It’s a well known fact that I would rather have root canal work than have to drive beyond the mile or so to where I work. I don’t like driving. Never have much. But I also don’t like having the means to get around as and when I want taken away from me. And that’s just what happened two weeks ago when my poor little car failed it’s MOT miserably and the decision was made that it was the end of the road, quite literally, for my trusty Ford KA. Sitting in the cafe in Sainsbury just across the road from the MOT testing centre I crossed every digit in the vain hope that by some miracle that for once it would pass and we would have another year together. I knew that I was kidding myself and it didn’t stand a cat in hells chance of making it despite administering a little TLC the night before. Screen wash topped. Oil levels checked and I even emptied the boot. Making sure it looked it’s very best for it’s appointment. I may have loved that little car but I’m ashamed to admit that I was in the habit of neglecting it’s basic needs!
I took an instant dislike to the mechanic who broke the news. I didn’t care much for his attitude. Just another MOT failure to him. Just doing his job! Where was the sympathy? Where was the hot cup of tea to help with the shock? Where was the box of Kleenex? Nothing. Zilch! Trying to look brave, I declined making a date to have the little fella made road worthy and parting with over £500 in the process. Clutching my paper work I went and sat in the car and wept into the upholstery whilst listening to Radio 2 for one last time! After a while I pulled myself together and drove home. Turning off the ignition had me blubbing all over again.
This was it. Never again was I going to hear soft purr of it’s engine. Ok, I lie. Hardly a soft purr, more like the purr of a cat smoking 50 Woodbines a day trapped in a tin can! I’ve been putting off the inevitable, and my condemned car still sits on the driveway forlorn and neglected. Useful now only to the spiders that use it to build their cobwebs on. It needs to go, but I plan to be out when they come to take it away. I just can’t bare to see it go knowing that within no time at all my little car will be nothing more than a crushed block of metal. I’m welling up just thinking about it!
Will I get behind the wheel again? I jolly well hope so ! Yes, I agree that I pobably don’t make a three figure number in milage over a year. Nor does the battery ever have time to properly charge on such short trips. I won’t drive in town, nor do I like big roundabouts or sliproads. I would go so far as to say that in a list of my greatest fears, driving on a motorway slip road is way up there near the top. Actually, I would put it at the top! Don’t spread this around, but I have been known to almost close my eyes whist driving onto the junction 16 sliproad of the M4 shouting out “Are we on yet? Are we on yet?” But a car gives me independence and choice and I feel bereft and lost without one. Autumn is upon us and I don’t relish the thought of trudging to work in the pouring rain or in the dark. I know that it will be good exercise. I don’t doubt that for one minute. I may even lose weight, become fit and feel virtuous that I’m doing my bit to save the planet.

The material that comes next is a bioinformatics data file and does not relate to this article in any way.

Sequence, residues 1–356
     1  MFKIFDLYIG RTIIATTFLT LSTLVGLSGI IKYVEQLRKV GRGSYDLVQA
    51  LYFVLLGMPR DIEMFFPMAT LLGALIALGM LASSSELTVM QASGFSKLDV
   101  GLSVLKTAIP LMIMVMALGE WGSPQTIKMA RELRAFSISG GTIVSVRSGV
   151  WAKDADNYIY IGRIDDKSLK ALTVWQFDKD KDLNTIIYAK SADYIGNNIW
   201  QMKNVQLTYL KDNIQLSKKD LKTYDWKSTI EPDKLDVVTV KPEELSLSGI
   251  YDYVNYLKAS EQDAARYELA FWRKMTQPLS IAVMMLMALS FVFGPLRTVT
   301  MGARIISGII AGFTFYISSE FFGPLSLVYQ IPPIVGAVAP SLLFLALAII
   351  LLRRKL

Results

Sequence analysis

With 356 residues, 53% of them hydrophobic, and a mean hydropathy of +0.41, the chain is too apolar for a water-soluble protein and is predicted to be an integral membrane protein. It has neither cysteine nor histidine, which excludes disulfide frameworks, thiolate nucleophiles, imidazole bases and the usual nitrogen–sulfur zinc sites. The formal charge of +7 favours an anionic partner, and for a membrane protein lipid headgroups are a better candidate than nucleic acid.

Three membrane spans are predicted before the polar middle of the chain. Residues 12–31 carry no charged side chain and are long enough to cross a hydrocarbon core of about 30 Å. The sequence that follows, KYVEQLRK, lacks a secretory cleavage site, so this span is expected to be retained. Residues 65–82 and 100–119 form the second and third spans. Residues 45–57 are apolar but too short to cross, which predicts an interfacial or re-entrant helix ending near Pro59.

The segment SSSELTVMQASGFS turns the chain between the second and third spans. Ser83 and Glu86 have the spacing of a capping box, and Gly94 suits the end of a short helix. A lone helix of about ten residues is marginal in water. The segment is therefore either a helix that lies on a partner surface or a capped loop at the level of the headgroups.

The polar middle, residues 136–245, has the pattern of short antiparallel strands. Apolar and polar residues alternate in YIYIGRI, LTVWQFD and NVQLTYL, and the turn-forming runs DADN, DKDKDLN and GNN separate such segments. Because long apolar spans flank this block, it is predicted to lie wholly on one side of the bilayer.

My mum never drove again once her little car died. She lost her confidence and had to depend on my dad to get her where she wanted to be. I don’t want that to happen to me, but I fear that it might. I’m very much like my mum in some ways.
It’s early days. I need to work on Mr R for a bit. Make life a bit awkward for him. Build up the sympathy vote. Moan constantly. Cry now and again, and look very bedraggled when I walk through the door having traipsed a few miles in torrential rain. Persuade him that his wife really really needs a car. I bet by Christmas there will be not one, but two cars sitting outside on the drive. You wait and see!
P.S I promise never ever to close my eyes whist I am driving!